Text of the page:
Enter the Anti-Inflammatory
So that’s what inflammation is. Anti-inflammatories, as you might have guessed, are things which reduce inflammation. Because it is the basis for so many common illnesses, there’s a pretty wide variety of anti-inflammatory drugs available now. Common examples would be cortisone creams, or the non-steroidal anti-inflammatory drugs (NSAIDs) often used to treat arthritis. Sadly, because the cause is often genetic, anti-inflammatories are often only really effective at treating the symptoms of autoimmune disorders. And sometimes these drugs can have some pretty undesirable consequences.
But we live in an exciting time. Nowadays, not only do we have access to the amazing medical knowledge that has been produced over the past two centuries, but we’re also coming to understand a lot more of the science behind traditional medicines. As it turns out, researches have been finding that several foods which have been medicinally valued for centuries demonstrate some pretty impressive anti-inflammatory power of their own.
Anti-inflammatory compounds work in different ways, but in simple terms it seems that what they are doing is inhibiting the messengers that trigger inflammation. NSAIDs, in particular, inhibit the enzyme cycloxygenase, which is also how aspirin and ibuprofen work.
Some of the best anti-inflammatory foods, it turns out, do exactly the same thing. In fact, some of these natural medicines can be as effective as the NSAIDs and other medications of the technological age. As an added bonus, they’re also awesome in curries.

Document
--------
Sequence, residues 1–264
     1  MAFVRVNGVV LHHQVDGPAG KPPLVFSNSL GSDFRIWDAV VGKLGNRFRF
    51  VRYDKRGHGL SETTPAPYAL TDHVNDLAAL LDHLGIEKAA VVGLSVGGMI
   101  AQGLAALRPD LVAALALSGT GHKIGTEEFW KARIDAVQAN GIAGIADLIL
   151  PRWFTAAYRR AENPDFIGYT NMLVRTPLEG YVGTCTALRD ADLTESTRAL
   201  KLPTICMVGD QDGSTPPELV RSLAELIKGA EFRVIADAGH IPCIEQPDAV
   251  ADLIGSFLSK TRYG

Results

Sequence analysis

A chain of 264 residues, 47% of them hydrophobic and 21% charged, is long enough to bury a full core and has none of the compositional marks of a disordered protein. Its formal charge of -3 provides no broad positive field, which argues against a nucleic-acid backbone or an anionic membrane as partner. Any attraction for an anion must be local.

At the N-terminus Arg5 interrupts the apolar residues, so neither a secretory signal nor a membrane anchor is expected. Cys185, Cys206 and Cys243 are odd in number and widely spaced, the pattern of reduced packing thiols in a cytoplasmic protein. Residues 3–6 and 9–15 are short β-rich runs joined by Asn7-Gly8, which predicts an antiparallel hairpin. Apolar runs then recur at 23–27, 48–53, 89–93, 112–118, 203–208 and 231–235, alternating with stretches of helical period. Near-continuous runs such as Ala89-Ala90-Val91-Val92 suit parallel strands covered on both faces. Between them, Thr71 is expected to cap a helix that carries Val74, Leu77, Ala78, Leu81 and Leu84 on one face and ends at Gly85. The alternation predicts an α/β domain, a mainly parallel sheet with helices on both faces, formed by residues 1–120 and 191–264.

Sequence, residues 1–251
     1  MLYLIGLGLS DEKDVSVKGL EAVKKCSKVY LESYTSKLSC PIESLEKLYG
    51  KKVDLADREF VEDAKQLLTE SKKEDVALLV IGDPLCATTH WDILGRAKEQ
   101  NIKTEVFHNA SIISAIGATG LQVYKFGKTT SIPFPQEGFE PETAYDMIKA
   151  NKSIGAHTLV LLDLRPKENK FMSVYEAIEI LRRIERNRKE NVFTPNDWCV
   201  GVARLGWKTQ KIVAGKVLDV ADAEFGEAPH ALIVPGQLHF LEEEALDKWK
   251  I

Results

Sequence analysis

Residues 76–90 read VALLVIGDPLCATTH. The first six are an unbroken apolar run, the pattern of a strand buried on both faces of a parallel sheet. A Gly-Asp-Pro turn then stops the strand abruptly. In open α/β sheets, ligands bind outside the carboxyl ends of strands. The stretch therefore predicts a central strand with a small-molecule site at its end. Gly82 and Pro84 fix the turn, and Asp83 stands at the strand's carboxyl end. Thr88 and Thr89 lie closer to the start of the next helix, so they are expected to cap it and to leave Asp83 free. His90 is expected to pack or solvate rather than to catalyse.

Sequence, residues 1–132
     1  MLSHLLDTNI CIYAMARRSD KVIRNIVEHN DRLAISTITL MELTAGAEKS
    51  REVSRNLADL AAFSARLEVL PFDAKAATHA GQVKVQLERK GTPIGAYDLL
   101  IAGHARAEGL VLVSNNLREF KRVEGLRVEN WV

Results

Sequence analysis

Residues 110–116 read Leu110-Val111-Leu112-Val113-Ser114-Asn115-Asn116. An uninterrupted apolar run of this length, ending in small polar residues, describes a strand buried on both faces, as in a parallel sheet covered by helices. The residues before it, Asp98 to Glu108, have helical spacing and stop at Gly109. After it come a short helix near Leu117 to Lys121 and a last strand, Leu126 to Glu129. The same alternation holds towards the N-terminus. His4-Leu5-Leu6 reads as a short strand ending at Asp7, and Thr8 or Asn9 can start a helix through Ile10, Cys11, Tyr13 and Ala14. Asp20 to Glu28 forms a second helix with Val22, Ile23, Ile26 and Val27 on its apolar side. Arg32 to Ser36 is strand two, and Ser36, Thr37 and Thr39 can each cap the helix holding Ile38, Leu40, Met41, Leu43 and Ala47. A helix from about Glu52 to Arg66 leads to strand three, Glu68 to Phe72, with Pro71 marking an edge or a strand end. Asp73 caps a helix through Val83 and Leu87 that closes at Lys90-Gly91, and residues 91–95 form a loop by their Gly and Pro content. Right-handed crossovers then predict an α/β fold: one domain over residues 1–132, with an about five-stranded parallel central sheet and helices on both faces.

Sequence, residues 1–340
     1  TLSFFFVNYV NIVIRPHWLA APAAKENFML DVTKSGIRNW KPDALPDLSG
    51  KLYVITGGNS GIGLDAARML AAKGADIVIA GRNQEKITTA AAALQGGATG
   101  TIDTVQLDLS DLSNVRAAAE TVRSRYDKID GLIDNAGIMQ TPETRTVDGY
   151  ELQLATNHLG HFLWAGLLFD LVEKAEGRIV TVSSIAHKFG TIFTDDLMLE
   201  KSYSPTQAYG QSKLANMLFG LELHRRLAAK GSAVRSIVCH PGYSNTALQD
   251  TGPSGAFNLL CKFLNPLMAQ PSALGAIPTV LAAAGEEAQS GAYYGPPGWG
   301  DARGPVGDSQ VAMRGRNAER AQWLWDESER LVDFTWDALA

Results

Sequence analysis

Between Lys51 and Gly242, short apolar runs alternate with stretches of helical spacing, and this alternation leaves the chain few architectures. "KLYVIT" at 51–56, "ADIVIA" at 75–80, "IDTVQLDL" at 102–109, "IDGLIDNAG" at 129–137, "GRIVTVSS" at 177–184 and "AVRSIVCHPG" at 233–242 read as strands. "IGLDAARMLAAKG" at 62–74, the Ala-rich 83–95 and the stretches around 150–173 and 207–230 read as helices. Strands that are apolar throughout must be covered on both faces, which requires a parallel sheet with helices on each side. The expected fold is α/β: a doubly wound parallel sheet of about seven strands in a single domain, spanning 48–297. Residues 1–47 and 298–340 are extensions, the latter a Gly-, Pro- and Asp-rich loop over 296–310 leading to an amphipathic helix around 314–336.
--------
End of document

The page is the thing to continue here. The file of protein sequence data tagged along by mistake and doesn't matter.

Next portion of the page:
The Anti-Inflammatory Foods: Natural Medicine
Ginger is maybe the single greatest of the natural anti-inflammatory medicines. Of course, it gets even better if you combine it with some of the other’s we’ll talk about later (spoiler: chocolate!!), but ginger deserves special mention.
Ginger has long been regarded as a highly medicinal food. It’s a central character in Chinese medicine, and has long been adored for it’s calming effects on the digestive system. Since researchers have begun turning the instruments of modern science towards this remarkable rhizome, much of this ancient wisdom has been validated.
Not only is ginger maybe one of the tastiest things on earth, science has now shown that it is an highly effective anti-oxidant and anti-inflammatory. When given to people suffering osteoarthritis or rheumatoid arthritis, ginger extract was found to be as effective as pharmaceutical NSAIDs. Most arthritis patients given ginger as medicine report feeling less pain and swelling.
Ginger is able to accomplish this by inhibiting the inflammatory compounds with anti-inflammatory compounds of its own. One of those compounds is called gingerol (not to be confused with ginger ale). You know it’s for real when it’s got the word ‘ginger’ right in it. Cooking gingerol, by the way, transforms it into zingerone, another active compound in ginger which seems less effective as an anti-inflammatory.
A lovely thing about ginger is that it’s so easy to use. Personally, I put ginger in pretty much everything. It’s great in smoothies, surprisingly good in sweets, and adds a lovely zesty flavor to pretty much any dish. You can throw it in pretty much anything.